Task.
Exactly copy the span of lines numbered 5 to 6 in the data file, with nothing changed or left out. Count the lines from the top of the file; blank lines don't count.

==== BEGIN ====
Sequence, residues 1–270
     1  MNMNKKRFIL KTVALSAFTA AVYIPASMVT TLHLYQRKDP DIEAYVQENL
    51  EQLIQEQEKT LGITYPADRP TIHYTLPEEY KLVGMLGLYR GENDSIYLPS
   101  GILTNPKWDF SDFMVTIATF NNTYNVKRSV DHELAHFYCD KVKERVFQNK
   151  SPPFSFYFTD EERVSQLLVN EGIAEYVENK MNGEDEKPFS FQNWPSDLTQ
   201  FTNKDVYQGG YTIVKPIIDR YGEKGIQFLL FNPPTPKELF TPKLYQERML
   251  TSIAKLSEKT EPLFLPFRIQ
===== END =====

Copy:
   151  SPPFSFYFTD EERVSQLLVN EGIAEYVENK MNGEDEKPFS FQNWPSDLTQ
   201  FTNKDVYQGG YTIVKPIIDR YGEKGIQFLL FNPPTPKELF TPKLYQERML